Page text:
As Traci finished reading her couple of pages worth of notes, she concluded by again thanking the audience, who immediately began a thunderous ovation that quickly became an entire room standing, and applauding.  I couldn’t help but tear up.  The moment was beyond amazing.  Traci turned to exit the stage and was greeted by the people on it, as they embraced her with hugs of encouragement an appreciation.  It’s funny because she said that while she heard all the clapping, she had missed the fact that there was a standing ovation because she was in the midst of the greetings from those that were on stage.  The moment easily defines that which I love most about my wife, her humility and how she simply moves through the trials and the tribulations that life has given with a simply desire to be thankful for the gift of life, and seek out as much joy as one can possibly find.

Traci never seems to be able to see the complete picture when it comes to looking at her character and how being who she is inspires others.  I remember how even in the very first few encounters that we had with one another how she experienced a lack of awe from her own story.  Instead, she simply had an appreciation for life, and how joyous that gift was.  She wasn’t looking to be made a celebrity, become popular, or gain financial benefit, or anything worldly.  Instead, she was simply overjoyed that her life was made possible, and her thirst to share that continued joy with others was as infectious as was her appreciation for the gift of life that she’d been given.  It was unparalleled in any person that I’ve ever met, and that hasn’t wavered even to this day.  She loves to be happy, but she loves to bring others happiness all the more.  And she does so with her actions as much as her words.  When you’re around her, you can’t help but be taken in by it all, and to say that it’s inspiring or “amazing” just simply aren’t descriptive enough words to fully give it the credit that it’s due.  Traci brings an attitude with her that simply makes you happy, and makes it so easy to fall in love with her, every single day.  It makes me a blessed man to know her, and even more blessed man that she calls me her husband.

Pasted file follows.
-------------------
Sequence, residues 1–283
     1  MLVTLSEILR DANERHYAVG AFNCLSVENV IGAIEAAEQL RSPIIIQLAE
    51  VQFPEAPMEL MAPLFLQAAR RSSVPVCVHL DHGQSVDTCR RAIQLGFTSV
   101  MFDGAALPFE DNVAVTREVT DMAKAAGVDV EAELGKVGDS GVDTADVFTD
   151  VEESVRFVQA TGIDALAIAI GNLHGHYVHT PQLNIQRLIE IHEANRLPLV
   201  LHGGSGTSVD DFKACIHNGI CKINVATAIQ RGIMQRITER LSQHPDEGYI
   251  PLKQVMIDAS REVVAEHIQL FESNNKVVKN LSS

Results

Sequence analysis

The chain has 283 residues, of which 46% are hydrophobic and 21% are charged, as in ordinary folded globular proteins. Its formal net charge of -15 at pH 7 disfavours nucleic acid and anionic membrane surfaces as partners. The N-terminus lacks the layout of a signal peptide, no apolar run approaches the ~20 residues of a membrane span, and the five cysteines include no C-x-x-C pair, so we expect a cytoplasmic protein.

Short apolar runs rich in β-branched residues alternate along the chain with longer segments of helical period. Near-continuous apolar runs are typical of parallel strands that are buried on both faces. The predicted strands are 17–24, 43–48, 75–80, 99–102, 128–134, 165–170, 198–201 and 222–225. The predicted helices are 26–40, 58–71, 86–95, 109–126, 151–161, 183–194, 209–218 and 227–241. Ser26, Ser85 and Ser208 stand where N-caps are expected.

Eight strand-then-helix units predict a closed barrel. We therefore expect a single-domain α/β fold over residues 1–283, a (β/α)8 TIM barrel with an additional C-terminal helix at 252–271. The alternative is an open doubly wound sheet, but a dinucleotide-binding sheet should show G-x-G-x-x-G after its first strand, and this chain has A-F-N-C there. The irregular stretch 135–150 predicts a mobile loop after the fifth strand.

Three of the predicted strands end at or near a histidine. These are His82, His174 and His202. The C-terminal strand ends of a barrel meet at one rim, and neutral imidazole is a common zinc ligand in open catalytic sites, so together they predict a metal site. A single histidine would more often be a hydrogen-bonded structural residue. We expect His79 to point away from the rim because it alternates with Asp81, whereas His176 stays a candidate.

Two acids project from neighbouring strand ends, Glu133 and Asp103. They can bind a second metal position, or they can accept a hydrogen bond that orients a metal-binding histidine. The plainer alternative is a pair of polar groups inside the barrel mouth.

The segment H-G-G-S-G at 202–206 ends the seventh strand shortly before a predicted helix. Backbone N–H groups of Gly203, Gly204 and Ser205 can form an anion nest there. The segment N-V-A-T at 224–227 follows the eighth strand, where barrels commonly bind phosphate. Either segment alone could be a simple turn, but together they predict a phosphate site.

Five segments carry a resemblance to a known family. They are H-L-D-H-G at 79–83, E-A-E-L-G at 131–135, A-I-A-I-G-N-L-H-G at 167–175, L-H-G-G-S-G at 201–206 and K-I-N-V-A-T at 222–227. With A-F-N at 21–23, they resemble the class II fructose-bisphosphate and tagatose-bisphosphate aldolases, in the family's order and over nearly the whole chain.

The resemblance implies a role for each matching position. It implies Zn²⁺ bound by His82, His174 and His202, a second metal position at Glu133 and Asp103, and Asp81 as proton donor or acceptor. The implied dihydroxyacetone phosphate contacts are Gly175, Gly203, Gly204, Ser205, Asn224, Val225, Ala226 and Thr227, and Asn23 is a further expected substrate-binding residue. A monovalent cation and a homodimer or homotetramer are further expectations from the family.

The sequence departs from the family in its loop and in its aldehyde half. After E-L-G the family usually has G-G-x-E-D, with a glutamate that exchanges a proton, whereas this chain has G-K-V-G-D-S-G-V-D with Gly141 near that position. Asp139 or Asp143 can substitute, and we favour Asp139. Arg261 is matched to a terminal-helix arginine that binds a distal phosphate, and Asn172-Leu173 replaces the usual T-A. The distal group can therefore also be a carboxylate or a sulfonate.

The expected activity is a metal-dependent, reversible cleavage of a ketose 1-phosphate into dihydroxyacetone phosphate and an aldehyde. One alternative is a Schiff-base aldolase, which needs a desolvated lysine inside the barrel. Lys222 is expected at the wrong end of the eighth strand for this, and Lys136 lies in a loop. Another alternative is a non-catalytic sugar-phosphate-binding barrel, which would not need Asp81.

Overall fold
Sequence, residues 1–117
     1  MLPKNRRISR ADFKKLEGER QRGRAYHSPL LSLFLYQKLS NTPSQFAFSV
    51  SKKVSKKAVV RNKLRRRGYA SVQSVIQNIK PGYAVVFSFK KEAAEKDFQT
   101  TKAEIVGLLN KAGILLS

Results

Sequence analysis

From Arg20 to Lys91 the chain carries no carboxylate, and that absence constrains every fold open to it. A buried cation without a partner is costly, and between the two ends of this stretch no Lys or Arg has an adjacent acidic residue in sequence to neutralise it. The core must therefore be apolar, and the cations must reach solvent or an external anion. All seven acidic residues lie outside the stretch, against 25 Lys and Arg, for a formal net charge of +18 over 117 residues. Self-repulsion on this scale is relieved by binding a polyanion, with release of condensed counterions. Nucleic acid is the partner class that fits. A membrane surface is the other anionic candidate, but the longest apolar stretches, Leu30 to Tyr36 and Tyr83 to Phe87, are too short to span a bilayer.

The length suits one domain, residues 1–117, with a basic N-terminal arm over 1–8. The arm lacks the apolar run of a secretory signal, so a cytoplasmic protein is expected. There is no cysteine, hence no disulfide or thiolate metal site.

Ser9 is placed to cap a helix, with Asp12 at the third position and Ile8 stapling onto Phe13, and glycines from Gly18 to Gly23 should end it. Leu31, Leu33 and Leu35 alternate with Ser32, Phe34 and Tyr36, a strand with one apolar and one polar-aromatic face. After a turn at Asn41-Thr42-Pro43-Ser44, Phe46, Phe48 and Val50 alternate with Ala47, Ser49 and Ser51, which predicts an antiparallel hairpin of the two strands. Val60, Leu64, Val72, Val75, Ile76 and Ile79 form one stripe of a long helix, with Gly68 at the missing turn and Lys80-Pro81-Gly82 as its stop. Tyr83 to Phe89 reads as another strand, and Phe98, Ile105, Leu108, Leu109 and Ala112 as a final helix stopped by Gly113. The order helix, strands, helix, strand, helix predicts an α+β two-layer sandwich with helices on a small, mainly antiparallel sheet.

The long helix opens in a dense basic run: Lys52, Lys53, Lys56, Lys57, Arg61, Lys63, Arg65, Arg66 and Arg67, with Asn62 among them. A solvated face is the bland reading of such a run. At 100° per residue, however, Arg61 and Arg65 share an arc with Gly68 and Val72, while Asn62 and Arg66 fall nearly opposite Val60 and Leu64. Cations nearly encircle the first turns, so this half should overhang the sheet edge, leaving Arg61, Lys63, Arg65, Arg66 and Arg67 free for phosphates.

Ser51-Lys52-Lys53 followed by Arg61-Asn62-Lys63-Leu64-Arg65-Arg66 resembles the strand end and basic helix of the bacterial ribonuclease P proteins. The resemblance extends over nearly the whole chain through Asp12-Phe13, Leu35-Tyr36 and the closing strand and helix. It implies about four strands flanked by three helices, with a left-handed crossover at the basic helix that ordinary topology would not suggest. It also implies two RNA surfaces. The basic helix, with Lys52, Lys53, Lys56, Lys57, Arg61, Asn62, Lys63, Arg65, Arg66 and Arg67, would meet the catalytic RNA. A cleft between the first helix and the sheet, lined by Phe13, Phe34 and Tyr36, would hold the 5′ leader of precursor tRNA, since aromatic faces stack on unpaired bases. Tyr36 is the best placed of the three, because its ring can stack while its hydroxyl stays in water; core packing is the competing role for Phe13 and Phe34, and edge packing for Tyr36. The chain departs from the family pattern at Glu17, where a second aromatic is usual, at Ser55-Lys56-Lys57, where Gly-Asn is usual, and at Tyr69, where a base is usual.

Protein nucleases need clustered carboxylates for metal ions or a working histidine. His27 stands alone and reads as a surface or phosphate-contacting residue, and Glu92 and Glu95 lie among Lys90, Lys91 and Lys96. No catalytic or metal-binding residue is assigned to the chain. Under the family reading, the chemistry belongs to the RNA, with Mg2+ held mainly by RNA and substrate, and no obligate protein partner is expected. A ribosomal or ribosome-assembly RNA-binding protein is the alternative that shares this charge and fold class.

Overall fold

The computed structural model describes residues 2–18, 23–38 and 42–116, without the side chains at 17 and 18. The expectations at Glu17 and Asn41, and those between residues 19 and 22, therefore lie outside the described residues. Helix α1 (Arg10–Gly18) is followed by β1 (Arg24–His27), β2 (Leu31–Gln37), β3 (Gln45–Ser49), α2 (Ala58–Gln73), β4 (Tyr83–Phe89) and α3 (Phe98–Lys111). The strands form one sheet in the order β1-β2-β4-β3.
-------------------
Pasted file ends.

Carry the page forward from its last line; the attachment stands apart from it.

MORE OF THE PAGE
I’m going to finish with that story, and perhaps blog again tomorrow about the job changes that took place for me.  Either that or on Thursday.  It’s a big change, but this has already become much longer than I anticipated, so I’m going to end it now.

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  1. LOIS C SMITH
    February 22nd, 2013 at 19:56 | #1

    Yours was a Beautiful Tribute to your wife, Traci. YES, Yes, Almighty Triune God really does gives us “Life, more Abundantly” = (John 10:10). She is “lucky” to have U for her husband & your 4 girls are “lucky” to have U for their Dad.

  2. March 10th, 2013 at 04:21 | #2

    I am a VERY good friend of your mother-in-law, Ms Vickie and Jimmy . . . I am LOGAN’s Mom, Joyce, nice to meet you! WE might have met before . .. I KNOW I have met a couple of your beautiful daughters’ … My Heart and MY Prayers Always, Go Out to Vickie, and YOUR Family too!! . . . Joyce and Logan